I’ve been crisscrossing the southeast on road trips this spring. What beautiful drives - tree lined roads, hills…I love it!
To pass the time, I sometimes listen to talks that I’ve downloaded to CDs, and I’ve listened to some of Capitol Hill Baptist Church’s Henry Forums. Recently, I enjoyed hearing “Out of Africa: Biblical Christianity in Zambia” by Conrad Mbewe. During the first part of this talk, Mbewe highlights how the gospel first came to his region of Africa and how Christianity spread there throughout the last couple hundred years. Often, he describes how one individual specifically impacted the life of another, who in turn had an impact on another person or group, and so on.
This got me thinking about the importance of geneaologies. Just as people often want to fill in their biological heritage (learning that their great great grandfather was the first settler of a town, etc.) I think it is perhaps even more important to consider one’s spiritual heritage in not only general but also specific terms.
It encouraged me to hear how the Lord specifically worked through the everyday lives of individual believers in Africa through many years to do what has developed into a great work. It is so encouraging to consider the many saints that have taught and discipled me personally, and think of those believers earlier this century that blessed, exhorted and strengthened them, and then of those earlier believers who taught, wrote, sang, discipled and loved that generation…and so on…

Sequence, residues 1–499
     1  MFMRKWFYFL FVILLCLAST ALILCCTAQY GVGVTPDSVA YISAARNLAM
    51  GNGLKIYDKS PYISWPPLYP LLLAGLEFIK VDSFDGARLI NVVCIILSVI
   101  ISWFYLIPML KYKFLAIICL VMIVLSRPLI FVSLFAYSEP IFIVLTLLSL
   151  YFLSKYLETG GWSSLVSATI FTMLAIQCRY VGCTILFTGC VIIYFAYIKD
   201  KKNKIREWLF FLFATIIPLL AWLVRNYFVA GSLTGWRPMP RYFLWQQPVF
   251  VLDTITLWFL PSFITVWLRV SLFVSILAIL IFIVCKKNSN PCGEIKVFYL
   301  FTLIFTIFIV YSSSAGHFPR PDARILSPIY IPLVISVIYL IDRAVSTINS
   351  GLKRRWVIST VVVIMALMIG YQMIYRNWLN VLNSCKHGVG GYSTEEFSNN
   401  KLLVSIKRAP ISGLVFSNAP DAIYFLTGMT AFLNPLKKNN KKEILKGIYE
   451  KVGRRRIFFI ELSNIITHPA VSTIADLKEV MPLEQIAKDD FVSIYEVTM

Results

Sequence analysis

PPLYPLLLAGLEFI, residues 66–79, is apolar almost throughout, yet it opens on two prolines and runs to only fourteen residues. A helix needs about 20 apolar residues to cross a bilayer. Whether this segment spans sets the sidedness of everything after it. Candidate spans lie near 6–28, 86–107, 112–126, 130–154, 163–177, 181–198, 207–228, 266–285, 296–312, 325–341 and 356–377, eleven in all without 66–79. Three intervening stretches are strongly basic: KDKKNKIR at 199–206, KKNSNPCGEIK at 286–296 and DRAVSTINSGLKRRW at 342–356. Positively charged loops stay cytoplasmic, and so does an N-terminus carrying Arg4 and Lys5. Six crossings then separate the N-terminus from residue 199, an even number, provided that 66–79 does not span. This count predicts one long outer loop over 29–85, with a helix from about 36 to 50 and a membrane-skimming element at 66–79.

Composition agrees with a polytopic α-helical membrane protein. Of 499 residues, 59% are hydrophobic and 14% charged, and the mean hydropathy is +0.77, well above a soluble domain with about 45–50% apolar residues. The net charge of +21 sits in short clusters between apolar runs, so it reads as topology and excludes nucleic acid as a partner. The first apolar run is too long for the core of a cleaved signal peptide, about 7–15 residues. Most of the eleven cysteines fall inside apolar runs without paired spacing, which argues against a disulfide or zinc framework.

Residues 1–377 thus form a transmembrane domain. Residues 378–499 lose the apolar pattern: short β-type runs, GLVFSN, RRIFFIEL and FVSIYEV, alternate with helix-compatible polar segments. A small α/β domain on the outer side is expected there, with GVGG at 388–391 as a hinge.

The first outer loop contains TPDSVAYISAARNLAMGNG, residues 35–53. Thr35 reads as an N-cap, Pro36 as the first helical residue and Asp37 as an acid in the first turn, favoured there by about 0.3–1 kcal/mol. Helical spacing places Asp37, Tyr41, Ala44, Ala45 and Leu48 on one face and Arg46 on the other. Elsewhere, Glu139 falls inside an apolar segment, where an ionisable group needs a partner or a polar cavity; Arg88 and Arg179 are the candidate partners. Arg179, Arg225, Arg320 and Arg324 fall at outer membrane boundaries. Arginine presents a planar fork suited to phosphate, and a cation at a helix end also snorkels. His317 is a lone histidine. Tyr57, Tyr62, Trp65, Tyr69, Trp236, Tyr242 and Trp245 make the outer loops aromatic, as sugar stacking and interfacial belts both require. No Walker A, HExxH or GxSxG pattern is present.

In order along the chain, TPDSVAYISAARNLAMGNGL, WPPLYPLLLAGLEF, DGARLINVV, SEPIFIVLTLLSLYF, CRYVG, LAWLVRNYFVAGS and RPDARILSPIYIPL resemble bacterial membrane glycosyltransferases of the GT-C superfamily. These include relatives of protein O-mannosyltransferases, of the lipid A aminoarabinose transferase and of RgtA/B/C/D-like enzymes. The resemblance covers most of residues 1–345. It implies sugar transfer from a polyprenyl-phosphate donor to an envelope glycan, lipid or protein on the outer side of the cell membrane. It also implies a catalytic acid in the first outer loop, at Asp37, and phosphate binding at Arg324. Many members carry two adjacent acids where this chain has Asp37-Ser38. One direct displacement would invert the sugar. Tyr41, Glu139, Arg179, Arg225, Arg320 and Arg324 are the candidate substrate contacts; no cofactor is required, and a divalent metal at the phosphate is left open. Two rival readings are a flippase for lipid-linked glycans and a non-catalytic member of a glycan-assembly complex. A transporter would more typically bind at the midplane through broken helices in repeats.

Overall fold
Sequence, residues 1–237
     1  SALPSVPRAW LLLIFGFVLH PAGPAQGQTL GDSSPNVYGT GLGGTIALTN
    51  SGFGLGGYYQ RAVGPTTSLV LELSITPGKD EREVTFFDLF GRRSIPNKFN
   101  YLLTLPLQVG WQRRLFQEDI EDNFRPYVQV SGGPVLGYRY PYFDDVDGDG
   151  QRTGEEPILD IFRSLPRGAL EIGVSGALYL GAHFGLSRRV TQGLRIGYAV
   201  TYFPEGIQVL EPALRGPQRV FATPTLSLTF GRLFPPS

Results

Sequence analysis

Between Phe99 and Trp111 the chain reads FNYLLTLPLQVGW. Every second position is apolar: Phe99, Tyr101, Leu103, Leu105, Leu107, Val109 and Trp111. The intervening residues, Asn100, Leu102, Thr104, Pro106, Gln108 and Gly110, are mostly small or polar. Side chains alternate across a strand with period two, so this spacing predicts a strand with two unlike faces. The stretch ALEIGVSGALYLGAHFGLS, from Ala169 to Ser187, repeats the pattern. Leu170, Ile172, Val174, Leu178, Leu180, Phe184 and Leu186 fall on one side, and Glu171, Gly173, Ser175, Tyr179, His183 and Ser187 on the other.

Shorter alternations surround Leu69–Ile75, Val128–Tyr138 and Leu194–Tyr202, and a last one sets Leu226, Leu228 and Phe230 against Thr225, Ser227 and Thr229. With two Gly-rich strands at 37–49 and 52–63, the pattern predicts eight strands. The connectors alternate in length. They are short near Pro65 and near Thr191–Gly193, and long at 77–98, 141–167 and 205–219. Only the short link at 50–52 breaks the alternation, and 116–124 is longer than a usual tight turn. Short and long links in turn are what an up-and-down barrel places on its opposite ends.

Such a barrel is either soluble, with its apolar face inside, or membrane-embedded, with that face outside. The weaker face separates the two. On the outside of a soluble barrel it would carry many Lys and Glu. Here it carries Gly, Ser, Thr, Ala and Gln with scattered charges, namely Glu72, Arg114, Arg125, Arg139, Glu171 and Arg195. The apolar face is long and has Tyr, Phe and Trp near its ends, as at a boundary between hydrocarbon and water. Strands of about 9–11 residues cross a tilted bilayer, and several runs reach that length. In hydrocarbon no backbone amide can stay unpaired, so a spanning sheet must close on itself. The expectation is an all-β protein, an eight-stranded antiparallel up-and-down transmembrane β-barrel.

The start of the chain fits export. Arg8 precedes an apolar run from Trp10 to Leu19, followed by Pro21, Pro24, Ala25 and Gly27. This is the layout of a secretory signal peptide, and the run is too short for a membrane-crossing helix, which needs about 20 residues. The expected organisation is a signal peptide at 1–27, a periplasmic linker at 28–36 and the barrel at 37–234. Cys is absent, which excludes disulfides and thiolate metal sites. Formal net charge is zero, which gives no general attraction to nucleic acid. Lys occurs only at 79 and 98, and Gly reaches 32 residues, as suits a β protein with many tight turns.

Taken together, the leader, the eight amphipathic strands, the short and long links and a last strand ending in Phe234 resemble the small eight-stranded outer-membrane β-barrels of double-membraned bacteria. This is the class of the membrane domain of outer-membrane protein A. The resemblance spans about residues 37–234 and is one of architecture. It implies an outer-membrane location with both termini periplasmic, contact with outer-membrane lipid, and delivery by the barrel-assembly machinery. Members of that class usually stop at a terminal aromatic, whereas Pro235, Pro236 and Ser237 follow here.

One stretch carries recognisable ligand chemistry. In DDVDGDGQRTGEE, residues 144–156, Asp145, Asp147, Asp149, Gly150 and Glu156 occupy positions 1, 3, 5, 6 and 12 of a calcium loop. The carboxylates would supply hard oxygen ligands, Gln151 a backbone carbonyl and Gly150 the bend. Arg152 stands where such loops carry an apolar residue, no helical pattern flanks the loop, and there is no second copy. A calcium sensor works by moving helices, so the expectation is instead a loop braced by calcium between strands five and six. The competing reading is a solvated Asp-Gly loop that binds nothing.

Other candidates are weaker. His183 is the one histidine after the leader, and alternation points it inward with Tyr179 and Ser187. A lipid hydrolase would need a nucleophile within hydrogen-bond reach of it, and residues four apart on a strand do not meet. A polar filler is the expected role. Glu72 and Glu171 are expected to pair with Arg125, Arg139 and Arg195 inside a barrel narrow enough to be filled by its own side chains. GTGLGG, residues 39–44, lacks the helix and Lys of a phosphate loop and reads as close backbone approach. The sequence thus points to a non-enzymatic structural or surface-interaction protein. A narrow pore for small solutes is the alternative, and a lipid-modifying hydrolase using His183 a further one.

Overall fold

Throughout history, God has ever continued to work through His people. And, by His grace, He will continue to work through me. When I think of the larger picture of this “family tree” that He is growing up on this earth it spurs me on to continue pursuing Kingdom purposes even through the hard, difficult or seemingly fruitless times. The tree is not fruitless. The tree is growing. The tree has deep roots.